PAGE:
Judge strikes down North Carolina ultrasound abortion law

Judge rules that doctors can't be forced to endorse the state's ideological message with required ultrasounds

Judge Catherine Eagles said the state's ultrasound law violates doctors' First Amendment rights.
AP Photo/Steven Senne

A federal judge has struck down a 2011 North Carolina law requiring abortion providers to perform an ultrasound and explain it to a woman before she is allowed to undergo an abortion, arguing it violated the constitutional right to free speech of doctors.

U.S. District Judge Catherine Eagles ruled on Friday that a state does not have "the power to compel a health care provider to speak, in his or her own voice, the state's ideological message in favor of carrying a pregnancy to term."

The law "compels a health care provider to act as the state's courier and to disseminate the state's message discouraging abortion, in the provider's own voice, in the middle of a medical procedure, and under circumstances where it would seem the message is the provider's and not the state's," her 42-page ruling read.

"This is not allowed under the First Amendment," Eagles ruled.

The Supreme Court legalized abortion nationwide in 1973, but lawmakers in more conservative states in recent years have enacted laws that seek to place restrictions on the procedure, especially on late-term abortions.

The ultrasound requirement of the North Carolina law had been blocked by Eagles a few months after it was passed due to concerns over what she described as the "non-medical message" doctors were required to deliver.

The law required that an ultrasound image be presented and the sound of the fetal heartbeat be offered at least four hours before an abortion, though a woman is free to look away and ignore an explanation and medical description of what is on the screen.

The Friday decision was hailed as a victory for the American Civil Liberties Union, the Center for Reproductive Rights and Planned Parenthood Federation of America which filed a lawsuit challenging the Women's Right to Know Act.

"Today's ruling protects the rights of women and their doctors from the ideological agenda of extremist lawmakers," said Jennifer Rudinger, executive director of the ACLU of North Carolina.

"This law represented an egregious government intrusion into individuals' private medical decisions, and we are very pleased that it will not go into effect," she said.

Defenders of the law said it provided crucial information for women making a major and irrevocable decision.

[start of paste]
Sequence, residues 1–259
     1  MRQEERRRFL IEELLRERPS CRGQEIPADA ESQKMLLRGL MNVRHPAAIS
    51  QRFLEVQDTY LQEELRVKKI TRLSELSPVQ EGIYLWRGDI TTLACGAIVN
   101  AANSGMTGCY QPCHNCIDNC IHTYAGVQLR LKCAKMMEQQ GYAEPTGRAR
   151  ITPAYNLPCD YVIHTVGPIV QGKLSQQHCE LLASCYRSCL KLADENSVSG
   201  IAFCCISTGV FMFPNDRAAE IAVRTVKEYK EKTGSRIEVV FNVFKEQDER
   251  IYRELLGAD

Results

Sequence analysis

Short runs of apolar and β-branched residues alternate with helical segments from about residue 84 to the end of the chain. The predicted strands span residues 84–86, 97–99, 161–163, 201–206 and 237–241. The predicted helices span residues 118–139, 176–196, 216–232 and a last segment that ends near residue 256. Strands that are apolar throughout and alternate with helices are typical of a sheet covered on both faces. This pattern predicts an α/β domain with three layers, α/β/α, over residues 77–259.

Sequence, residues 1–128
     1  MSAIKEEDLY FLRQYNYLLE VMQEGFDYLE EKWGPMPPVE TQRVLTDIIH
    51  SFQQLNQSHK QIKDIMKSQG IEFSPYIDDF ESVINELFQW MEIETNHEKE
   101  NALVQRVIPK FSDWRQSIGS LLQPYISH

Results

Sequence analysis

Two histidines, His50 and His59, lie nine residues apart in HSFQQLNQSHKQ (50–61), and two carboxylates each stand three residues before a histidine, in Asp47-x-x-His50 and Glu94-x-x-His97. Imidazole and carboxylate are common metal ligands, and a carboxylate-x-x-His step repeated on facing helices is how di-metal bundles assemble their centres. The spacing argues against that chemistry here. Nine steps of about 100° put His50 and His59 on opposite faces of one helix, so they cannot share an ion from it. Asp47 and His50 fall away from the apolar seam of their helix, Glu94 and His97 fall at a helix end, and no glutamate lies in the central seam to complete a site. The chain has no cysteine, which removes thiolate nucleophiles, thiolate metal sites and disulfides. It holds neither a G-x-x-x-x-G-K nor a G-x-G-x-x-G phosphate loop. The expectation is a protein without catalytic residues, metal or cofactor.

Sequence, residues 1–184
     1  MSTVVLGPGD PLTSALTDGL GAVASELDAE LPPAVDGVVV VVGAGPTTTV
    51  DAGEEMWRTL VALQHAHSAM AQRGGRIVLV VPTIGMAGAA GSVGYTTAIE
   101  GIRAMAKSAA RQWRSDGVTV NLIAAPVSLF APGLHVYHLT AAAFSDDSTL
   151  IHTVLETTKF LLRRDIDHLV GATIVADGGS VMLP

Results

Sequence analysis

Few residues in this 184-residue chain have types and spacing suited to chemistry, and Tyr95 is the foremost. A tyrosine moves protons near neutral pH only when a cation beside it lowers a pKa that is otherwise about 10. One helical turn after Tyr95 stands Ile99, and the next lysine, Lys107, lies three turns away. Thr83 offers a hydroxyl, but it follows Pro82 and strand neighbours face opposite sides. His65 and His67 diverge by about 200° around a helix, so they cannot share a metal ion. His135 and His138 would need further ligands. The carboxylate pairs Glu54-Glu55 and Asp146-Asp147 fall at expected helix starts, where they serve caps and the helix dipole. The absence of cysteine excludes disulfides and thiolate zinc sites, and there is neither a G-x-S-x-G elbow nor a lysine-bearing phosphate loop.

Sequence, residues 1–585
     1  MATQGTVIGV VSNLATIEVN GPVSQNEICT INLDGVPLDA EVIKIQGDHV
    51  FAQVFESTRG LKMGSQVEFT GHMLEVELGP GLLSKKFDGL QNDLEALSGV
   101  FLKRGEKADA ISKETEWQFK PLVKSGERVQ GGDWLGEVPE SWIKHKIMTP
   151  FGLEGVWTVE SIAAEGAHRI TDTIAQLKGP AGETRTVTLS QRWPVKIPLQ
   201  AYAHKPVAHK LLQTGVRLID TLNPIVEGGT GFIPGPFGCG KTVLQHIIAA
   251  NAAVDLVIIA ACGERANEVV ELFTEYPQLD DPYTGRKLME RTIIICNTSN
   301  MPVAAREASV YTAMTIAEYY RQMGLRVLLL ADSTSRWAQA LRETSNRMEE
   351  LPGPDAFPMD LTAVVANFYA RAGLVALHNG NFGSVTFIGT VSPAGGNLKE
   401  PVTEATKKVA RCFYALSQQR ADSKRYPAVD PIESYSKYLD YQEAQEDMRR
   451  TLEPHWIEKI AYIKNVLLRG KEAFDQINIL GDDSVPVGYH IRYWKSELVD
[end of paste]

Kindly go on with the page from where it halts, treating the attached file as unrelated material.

"North Carolina's ultrasound requirement is no different than requiring speech for airlines and cigarette manufacturers for safety reasons," said Barbara Holt, president of North Carolina Right to Life. "The required information must be given even if the person hearing, seeing or reading the information finds the information upsetting, unnecessary or repetitive."

A Republican state legislator who advocated the law, House Majority Leader Paul Stam, was not immediately available to comment after normal business hours.

North Carolina Governor Beverly Perdue, a Democrat and the state's first female governor, vetoed the measure in 2011 but the state Senate overrode the veto.

In her veto message, Perdue called the legislation a "dangerous intrusion into the confidential relationship that exists between women and their doctors."

When the law went into effect in October 2011, North Carolina joined 25 other states that require pre-abortion counseling that goes beyond basic medical "informed consent," according to the Guttmacher Institute, a nonprofit sexual health research organization.

It also became the tenth state to include the additional requirement of an ultrasound, which has drawn legal challenges in several states.

North Carolina has some of the country's toughest requirements for clinics performing abortions, including a requirement doctors be present when abortions are performed.

It also bans publicly funded health insurance programs from paying for most abortions, and authorizes state health officials to design rules for increased safety standards for abortion clinics.

In North Carolina, 17 percent of pregnancies end in induced abortions, according to the Guttmacher Institute.


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